Nong Khai Province
Nong Khai (Thai: หนองคาย, pronounced [nɔ̌ːŋ kʰāːj]) is the northernmost of the northeastern (Isan) provinces (changwat) of Thailand. Neighbouring provinces are (from east clockwise) Bueng Kan, Sakon Nakhon, Udon Thani, and Loei. To the north it borders Vientiane Province, Vientiane Prefecture, and Bolikhamxai of Laos.
Map of Thailand highlighting Nong Khai Province
|• Governor||Suchat Nopphawan (since November 2014)|
|• Total||3,027 km2 (1,169 sq mi)|
|Area rank||Ranked 27th|
|• Rank||Ranked 22nd|
|• Density rank||Ranked 37th|
|Time zone||ICT (UTC+7)|
|ISO 3166 code||TH-43|
The province is in the valley of the Mae Nam Kong (Mekong River), which also forms the border with Laos. There are highlands to the south. The Laotian capital Vientiane is only 25 kilometres away from the provincial capital of Nong Khai. The Thai–Lao Friendship Bridge, which connects the two countries, was built jointly by the governments of Thailand, Laos, and Australia, and was opened in 1994.
In more recent years, Nong Khai has become a popular destination during the Buddhist Lent festival when mysterious balls of light, or Naga fireballs, rise from the Mekong River. The balls resemble an orange sun. They rise out of the river approximately 6–9 meters (20 to 30 feet) and disappear after three to five seconds. Although the fireballs can be seen at other times, most Thais travel to see them during the full moon in October when the incidence of them is considered to be much higher.
Nong Khai's main sight is Sala Keoku (alternatively spelled as Sala Kaew Ku, also known as Wat Khaek), a park of colossal sculptures, some over 20 m tall. The park is the handiwork of the mystic Luang Pu Bunleua Sulilat, who bought the land in 1978 when he was exiled from his native Laos, where he had built a similar park in Vientiane in the 1950s. Synthesizing Buddhist and Hinduist ideologies, Buddhas, many-armed goddesses, a seven-headed Naga snake, and various human-animal hybrids dominate the site.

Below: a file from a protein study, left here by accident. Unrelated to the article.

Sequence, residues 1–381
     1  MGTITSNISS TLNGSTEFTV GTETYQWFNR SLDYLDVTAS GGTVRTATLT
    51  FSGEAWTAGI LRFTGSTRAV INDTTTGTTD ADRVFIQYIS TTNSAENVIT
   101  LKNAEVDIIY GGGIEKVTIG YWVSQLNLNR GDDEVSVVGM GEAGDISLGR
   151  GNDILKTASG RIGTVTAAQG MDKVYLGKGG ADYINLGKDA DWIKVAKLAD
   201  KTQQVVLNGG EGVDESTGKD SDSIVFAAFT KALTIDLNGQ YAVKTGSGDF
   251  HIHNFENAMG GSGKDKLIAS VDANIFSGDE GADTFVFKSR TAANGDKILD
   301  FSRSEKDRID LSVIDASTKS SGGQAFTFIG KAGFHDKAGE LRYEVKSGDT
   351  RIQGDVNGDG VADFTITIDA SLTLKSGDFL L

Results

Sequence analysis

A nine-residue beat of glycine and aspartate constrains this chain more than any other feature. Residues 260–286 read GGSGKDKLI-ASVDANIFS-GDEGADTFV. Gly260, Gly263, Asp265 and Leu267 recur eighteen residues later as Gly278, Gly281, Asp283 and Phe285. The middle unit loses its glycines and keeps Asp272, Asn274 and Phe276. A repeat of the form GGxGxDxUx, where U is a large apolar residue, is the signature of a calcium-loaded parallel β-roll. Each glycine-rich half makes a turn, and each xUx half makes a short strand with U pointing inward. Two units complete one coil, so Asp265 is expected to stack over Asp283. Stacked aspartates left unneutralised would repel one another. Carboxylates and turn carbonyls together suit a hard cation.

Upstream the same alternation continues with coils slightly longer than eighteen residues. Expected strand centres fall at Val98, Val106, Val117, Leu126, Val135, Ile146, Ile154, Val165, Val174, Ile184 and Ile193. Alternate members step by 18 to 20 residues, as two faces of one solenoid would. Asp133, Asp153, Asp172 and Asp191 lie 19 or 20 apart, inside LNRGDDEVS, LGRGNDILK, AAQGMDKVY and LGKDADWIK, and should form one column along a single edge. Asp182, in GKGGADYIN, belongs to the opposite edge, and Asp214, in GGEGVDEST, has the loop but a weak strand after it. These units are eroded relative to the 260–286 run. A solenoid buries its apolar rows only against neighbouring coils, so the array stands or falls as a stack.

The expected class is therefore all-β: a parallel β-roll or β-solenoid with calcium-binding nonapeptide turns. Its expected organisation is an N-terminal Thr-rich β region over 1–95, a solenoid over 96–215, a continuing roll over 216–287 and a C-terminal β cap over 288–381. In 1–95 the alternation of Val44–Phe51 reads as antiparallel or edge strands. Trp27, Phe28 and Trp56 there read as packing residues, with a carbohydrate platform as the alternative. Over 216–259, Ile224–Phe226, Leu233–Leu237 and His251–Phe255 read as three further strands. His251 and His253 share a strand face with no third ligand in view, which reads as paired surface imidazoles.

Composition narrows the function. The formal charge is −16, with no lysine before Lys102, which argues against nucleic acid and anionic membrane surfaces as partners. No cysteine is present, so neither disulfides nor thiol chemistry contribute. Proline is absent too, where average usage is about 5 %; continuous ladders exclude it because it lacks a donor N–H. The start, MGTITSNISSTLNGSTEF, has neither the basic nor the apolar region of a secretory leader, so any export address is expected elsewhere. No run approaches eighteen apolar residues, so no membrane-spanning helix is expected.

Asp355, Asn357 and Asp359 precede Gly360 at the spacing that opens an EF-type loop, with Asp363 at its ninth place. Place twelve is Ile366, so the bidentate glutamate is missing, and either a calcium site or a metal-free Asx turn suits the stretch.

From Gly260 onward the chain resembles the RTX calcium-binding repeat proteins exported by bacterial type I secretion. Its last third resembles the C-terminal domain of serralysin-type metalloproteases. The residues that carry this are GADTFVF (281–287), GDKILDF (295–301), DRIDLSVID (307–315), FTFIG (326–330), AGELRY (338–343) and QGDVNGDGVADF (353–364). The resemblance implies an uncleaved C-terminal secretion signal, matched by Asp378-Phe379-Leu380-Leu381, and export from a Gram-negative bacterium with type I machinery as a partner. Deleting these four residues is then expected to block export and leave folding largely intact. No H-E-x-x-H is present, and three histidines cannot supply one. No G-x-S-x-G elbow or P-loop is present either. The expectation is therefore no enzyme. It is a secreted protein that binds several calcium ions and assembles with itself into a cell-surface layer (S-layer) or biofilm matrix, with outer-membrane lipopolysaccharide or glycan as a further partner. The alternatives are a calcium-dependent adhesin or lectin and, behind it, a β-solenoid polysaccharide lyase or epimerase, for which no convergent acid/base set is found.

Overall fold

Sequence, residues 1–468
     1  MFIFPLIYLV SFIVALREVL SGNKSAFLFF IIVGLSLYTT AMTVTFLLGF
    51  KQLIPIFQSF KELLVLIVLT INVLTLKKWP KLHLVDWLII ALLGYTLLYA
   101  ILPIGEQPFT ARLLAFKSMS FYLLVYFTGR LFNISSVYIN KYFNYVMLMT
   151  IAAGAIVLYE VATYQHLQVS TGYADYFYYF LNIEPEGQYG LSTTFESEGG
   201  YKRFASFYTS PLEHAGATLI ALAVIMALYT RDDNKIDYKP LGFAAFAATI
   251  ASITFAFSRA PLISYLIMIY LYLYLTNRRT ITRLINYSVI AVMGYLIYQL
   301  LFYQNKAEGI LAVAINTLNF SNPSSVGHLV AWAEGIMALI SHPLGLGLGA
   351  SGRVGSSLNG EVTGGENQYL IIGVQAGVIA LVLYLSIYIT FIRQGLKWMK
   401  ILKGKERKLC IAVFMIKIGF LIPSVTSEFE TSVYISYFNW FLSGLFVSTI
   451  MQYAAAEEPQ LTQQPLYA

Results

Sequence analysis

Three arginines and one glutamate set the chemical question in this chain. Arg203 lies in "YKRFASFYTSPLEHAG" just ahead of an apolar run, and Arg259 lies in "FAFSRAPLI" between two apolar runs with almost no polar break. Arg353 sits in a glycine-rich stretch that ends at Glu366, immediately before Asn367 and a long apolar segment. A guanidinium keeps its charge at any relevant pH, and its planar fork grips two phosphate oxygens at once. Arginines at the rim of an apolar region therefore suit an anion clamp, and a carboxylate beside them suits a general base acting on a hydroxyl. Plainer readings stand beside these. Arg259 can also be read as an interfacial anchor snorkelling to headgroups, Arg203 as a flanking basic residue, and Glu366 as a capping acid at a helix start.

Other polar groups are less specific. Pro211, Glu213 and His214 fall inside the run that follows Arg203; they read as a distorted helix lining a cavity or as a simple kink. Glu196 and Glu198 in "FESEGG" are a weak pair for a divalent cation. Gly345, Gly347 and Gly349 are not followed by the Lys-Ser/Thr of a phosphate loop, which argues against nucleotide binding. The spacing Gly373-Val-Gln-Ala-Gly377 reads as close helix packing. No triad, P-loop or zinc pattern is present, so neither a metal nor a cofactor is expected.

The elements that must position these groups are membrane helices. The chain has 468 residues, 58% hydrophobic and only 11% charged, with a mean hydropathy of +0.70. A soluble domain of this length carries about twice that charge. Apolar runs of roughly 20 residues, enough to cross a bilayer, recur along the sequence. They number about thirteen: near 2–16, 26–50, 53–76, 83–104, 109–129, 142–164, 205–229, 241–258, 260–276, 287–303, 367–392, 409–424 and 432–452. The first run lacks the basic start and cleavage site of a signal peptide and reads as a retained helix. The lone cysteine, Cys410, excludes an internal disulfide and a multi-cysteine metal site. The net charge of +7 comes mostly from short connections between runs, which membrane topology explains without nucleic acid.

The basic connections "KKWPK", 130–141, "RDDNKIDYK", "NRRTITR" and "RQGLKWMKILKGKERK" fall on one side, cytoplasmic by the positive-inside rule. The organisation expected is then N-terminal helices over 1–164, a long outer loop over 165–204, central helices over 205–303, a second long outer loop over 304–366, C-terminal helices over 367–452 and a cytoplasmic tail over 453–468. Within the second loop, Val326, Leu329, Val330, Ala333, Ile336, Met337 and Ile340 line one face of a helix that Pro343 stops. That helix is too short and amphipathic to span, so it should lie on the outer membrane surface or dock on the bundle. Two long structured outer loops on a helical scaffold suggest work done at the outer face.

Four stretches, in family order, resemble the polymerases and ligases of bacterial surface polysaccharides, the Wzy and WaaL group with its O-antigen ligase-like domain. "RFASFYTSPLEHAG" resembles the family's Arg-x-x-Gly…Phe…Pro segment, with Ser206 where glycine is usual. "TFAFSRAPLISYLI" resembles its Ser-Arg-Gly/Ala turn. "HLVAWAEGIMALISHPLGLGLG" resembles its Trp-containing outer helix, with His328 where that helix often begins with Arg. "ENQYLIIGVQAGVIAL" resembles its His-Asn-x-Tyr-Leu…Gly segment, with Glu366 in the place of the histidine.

|The provincial seal shows a pond with a bamboo clump close to it. The bamboo symbolizes stability, glory, and continuity for the peaceful and fertile land.
The provincial tree is the tamalan or Burma pallisander (Dalbergia oliveri).
As of 23 March 2011, the province is divided into nine districts (amphoe). The districts are further subdivided into 62 subdistricts (tambon) and 705 villages (muban). The eight districts of Bueng Kan were districts of Nong Khai before they were split off to form Bueng Kan Province.
The nearest airport is Udon Thani International Airport, which is 56 km from Nong Khai.
The main railway station in Nong Khai is Nong Khai Railway Station.
The Thai–Lao Friendship Bridge was largely funded by a gift to the Lao government from the Australian government. It is the road and railway gateway to Laos's capital, Vientiane, 25 kilometers upriver, on the north bank opposite the Thai town of Si Chiang Mai District. Construction of a rail spur to Thanaleng outside of Vientiane was begun early-2007 and officially opened 5 March 2009.
- "Population of the Kingdom" (PDF). Department of Provincial Affairs (DOPA) Thailand (in Thai). 2014-12-31. Retrieved 19 Mar 2015.
- "Thai-Lao Friendship Bridge". Tourism Authority of Thailand (TAT). Retrieved 22 May 2015.
- "Nong Khai". Tourism Authority of Thailand (TAT). Retrieved 22 May 2015.
- "Prap Ho Monument". Tourism Authority of Thailand (TAT). Retrieved 22 May 2015.
- "The Naga fireballs, Nong Khai". Tourism Authority of Thailand (TAT). Retrieved 22 May 2015.
- "Sala Kaeo Ku or Wat Khaek". Tourism Authority of Thailand (TAT). Archived from the original on 22 May 2015. Retrieved 22 May 2015.
- Masure, Yves. "Nong Khai". THAILEX Travel Encyclopedia. Retrieved 22 May 2015.
- Australian Govt Dept of Foreign Trade, Feb 9 2008, "Archived copy" (PDF). Archived from the original (PDF) on 2014-07-31. Retrieved 2014-11-11.,
- Spooner, Andrew (2009-02-27). "First Train to Laos". The Guardian. Retrieved 22 May 2015.
- "Distance: Bangkok to Nong Khai". Google Maps. Retrieved 22 May 2015.
- "Distance: Udon Thani to Nong Khai". Google Maps. Retrieved 22 May 2015.